The result is that, on average, about 4,000 new regulations take effect each year and another 2,700 are proposed. This steady accumulation of rules has caused the Code of Federal Regulations to balloon to more than 175,000 pages. Compliance is estimated to cost individuals and businesses nearly $70 billion annually, along with about 10 billion hours each year. Senator Lee’s regulatory budgeting bill aims to stem this proliferation of bureaucracy that is hindering the American economy and eroding its constitutional system.
The experience from Canada is that regulatory budgeting can be a useful tool to slow the growth of the regulatory state. Both the federal government and the provincial government in British Columbia have experimented with regulatory budgeting in recent years. It’s been a trial-and-error process to establish the proper baseline of regulations, rules, and directives and set credible cost estimates for existing and new regulations. The federal government codified its regulatory-budgeting regime by statute in 2014, making Canada the first country to give a “one-for-one” rule the full weight of legislation.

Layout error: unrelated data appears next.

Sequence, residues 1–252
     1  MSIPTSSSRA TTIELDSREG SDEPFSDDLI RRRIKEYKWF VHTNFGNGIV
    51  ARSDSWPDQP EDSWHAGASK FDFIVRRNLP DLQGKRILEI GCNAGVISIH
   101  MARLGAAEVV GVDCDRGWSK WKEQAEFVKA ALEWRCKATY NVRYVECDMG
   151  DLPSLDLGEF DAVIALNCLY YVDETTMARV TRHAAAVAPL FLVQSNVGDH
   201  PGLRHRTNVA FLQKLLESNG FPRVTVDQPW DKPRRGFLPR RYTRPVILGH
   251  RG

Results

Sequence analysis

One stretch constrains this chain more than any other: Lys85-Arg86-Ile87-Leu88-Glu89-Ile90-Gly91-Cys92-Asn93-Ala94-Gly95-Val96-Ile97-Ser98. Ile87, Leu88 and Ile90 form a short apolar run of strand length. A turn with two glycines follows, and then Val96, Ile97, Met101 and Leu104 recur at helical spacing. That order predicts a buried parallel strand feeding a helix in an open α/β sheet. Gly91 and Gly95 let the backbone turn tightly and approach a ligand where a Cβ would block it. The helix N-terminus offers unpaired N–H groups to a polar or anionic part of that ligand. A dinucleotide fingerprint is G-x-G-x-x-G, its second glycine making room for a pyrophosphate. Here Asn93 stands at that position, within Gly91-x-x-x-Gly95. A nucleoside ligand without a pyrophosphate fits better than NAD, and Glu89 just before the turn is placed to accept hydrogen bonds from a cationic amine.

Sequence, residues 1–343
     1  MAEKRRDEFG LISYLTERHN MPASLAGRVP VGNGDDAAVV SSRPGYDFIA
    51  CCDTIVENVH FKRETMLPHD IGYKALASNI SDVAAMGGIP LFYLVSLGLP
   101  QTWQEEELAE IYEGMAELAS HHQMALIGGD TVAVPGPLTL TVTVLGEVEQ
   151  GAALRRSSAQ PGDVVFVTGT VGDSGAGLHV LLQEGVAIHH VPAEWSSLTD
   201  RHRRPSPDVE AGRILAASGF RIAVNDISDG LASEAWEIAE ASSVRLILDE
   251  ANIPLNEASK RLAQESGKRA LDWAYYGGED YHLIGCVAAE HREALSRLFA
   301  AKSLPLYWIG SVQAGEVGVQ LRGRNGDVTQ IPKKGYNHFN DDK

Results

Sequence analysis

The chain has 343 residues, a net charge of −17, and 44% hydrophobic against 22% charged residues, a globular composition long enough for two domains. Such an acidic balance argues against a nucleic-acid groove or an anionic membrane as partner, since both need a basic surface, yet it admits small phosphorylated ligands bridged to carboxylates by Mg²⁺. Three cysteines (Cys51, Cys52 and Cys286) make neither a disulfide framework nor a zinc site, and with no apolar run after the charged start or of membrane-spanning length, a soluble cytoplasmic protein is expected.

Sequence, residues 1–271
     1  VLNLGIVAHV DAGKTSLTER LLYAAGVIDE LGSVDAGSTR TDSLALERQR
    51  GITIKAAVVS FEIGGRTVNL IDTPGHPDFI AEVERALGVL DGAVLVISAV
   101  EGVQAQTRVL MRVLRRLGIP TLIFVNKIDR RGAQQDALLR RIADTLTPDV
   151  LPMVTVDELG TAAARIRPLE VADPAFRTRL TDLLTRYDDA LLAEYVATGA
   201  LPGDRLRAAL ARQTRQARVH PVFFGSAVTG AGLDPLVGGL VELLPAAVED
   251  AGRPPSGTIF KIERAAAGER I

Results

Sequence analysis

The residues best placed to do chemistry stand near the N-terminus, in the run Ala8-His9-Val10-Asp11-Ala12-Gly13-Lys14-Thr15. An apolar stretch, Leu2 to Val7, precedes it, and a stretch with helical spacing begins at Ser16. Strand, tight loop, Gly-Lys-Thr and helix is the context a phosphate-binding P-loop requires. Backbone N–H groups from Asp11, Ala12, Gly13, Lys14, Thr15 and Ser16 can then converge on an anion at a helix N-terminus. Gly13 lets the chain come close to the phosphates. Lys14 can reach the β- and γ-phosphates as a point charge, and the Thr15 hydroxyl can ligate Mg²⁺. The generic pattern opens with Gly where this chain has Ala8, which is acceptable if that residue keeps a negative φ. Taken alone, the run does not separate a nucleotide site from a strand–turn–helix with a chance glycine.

Neither the federal model nor the British Columbia model is perfect, but both continue to be refined and have shown positive results. Annual reporting and third-party verification (including, in B.C.’s case, by using an equivalent to the U.S. Government Accountability Office) have brought greater accountability and rigor to the regulatory process. They have empowered legislators and citizens to monitor and better contribute to regulatory policy.